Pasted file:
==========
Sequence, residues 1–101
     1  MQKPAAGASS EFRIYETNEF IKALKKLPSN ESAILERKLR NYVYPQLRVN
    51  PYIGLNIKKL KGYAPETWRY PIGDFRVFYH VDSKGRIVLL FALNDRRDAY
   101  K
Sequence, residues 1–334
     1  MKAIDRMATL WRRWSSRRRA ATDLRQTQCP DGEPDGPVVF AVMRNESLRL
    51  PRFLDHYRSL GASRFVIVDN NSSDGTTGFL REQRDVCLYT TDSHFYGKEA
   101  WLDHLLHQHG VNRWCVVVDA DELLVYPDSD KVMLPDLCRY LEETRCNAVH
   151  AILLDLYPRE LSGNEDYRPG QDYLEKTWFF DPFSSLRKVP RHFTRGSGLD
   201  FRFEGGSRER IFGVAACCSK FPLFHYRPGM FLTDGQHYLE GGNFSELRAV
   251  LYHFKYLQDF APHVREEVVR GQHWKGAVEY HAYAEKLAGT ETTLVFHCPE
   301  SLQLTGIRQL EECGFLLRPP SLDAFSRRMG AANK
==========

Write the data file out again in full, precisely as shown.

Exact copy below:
Sequence, residues 1–101
     1  MQKPAAGASS EFRIYETNEF IKALKKLPSN ESAILERKLR NYVYPQLRVN
    51  PYIGLNIKKL KGYAPETWRY PIGDFRVFYH VDSKGRIVLL FALNDRRDAY
   101  K
Sequence, residues 1–334
     1  MKAIDRMATL WRRWSSRRRA ATDLRQTQCP DGEPDGPVVF AVMRNESLRL
    51  PRFLDHYRSL GASRFVIVDN NSSDGTTGFL REQRDVCLYT TDSHFYGKEA
   101  WLDHLLHQHG VNRWCVVVDA DELLVYPDSD KVMLPDLCRY LEETRCNAVH
   151  AILLDLYPRE LSGNEDYRPG QDYLEKTWFF DPFSSLRKVP RHFTRGSGLD
   201  FRFEGGSRER IFGVAACCSK FPLFHYRPGM FLTDGQHYLE GGNFSELRAV
   251  LYHFKYLQDF APHVREEVVR GQHWKGAVEY HAYAEKLAGT ETTLVFHCPE
   301  SLQLTGIRQL EECGFLLRPP SLDAFSRRMG AANK